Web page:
Netaji Subhash Chandra Bose
Subhash Chandra Bose was born into an affluent Bengali family on January 23, 1897 in Cuttack, Orissa. Subhash's public prosecutor father ensured that his son availed the best of education in eminent institutions such as Scottish Church College, Calcutta and Fitzwilliam College at Cambridge University. In 1920, at the insistence of his parents, Bose appeared in the prestigious Indian Civil Service and secured the fourth place.
During this period the civil disobedience movement called by Mahatma Gandhi was sweeping across the country and Bose resigned from the ICS in April 1921 to join his fellow countrymen in the freedom struggle. He joined the youth wing of the Congress Party and soon rose up the party hierarchy by virtue of his eloquence and leadership skills. At an early stage of his life Subhas Bose accepted Deshbandhu Chittaranjan Das as his political guru.

Over a span of 20 years, Bose was imprisoned eleven times by the British, the first one being in 1921. In 1924, after a brief period of incarceration, Bose was exiled to Mandalay in Burma. Subhash Bose was imprisoned again in 1930 and deported to Europe. During his stay in Europe from 1933 to 1936, Subhash Bose zealously espoused the cause of Indian freedom while meeting a number of prominent European statesmen.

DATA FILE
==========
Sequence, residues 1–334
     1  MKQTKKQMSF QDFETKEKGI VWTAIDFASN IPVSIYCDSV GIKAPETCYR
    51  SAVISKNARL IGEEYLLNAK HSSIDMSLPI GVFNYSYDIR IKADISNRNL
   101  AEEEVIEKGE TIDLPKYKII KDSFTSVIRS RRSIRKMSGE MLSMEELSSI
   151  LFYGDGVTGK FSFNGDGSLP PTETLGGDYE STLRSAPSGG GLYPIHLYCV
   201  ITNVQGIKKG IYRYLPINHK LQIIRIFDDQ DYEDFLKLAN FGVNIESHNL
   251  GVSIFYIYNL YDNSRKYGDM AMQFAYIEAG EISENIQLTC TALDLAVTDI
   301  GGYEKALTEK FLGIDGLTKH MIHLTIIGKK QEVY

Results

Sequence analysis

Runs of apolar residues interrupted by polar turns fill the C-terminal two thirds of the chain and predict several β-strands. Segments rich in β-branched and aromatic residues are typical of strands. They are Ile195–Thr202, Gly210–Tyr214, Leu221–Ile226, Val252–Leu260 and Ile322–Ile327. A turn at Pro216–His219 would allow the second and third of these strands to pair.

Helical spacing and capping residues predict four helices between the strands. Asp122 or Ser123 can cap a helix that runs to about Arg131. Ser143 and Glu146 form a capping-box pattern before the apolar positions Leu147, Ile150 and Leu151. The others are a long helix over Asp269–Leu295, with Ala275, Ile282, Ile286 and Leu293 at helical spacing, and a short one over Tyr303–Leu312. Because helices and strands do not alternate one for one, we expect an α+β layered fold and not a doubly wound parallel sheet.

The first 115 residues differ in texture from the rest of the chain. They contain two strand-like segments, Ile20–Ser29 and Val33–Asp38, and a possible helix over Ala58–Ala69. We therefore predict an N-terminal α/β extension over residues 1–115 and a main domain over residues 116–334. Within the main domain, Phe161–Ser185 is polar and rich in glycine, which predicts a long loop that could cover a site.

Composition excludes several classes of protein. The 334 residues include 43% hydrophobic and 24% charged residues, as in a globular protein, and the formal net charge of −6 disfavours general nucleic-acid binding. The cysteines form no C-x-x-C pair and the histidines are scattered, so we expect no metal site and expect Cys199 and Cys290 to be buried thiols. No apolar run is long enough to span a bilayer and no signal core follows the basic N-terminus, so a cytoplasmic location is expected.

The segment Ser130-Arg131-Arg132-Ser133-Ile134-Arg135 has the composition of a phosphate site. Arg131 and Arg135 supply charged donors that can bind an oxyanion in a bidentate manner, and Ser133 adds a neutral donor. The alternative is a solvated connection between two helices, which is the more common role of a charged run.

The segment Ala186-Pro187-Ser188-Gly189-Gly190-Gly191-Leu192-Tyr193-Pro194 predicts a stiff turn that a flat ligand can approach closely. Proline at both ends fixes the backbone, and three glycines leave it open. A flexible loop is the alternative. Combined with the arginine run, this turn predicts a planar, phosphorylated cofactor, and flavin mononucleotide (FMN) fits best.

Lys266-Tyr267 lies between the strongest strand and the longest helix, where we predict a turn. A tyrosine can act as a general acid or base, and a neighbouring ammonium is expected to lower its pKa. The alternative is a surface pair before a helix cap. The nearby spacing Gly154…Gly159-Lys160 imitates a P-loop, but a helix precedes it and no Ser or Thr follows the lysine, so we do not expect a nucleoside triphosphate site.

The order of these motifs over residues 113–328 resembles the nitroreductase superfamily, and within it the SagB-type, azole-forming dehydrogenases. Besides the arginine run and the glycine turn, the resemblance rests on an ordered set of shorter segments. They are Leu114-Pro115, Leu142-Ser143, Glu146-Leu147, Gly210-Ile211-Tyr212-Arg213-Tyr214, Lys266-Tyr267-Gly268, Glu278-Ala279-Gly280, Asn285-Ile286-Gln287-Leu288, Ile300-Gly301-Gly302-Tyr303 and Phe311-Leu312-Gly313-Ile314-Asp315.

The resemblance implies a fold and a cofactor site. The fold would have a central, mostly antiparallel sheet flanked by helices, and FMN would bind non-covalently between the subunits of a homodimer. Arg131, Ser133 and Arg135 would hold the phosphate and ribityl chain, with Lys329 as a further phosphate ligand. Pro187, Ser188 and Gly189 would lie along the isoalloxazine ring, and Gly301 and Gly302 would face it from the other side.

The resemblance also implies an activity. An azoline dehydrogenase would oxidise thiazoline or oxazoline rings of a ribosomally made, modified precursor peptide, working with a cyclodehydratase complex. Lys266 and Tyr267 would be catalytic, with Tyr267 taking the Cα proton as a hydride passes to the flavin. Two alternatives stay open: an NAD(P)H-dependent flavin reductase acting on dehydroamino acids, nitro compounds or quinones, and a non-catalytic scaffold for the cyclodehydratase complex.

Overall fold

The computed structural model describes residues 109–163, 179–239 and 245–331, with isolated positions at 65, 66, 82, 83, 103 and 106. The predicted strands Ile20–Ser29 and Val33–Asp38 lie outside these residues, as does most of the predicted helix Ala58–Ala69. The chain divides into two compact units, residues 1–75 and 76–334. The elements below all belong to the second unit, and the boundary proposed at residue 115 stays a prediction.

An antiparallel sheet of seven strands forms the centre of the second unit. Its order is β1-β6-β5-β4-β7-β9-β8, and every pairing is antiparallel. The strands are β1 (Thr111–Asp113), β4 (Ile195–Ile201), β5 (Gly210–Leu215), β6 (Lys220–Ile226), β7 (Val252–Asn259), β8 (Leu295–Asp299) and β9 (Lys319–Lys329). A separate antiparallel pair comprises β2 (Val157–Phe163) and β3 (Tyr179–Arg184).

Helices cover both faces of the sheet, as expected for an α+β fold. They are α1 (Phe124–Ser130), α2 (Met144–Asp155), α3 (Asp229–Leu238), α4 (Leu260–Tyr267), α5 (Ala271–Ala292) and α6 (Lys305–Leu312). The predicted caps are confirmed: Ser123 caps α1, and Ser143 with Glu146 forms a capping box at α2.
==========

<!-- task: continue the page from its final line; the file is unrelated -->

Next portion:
Subhash Bose was twice elected president of the Indian National Congress (1938 and 1939) but following his disagreements with Mahatma Gandhi he relinquished his post and formed a progressive group known as the Forward Block. The Second World War broke out in 1939 and Bose launched a campaign of mass civil disobedience to protest against the Viceroy's decision to declare war on India's behalf. Bose was put behind the bars but because of his hunger strike he was later placed under house arrest.
Taking advantage of the laxity of the house guards and aided by his cousin Sishir Bose, Subhash managed to escape and traversing through enemy territories he reached Moscow. Bose tried to garner the help Nazi Germany but due to the indifferent attitude of Hitler and other German leaders he left for Japan and soon assumed the leadership of Indian National Army (INA) founded by Rash Behari Bose.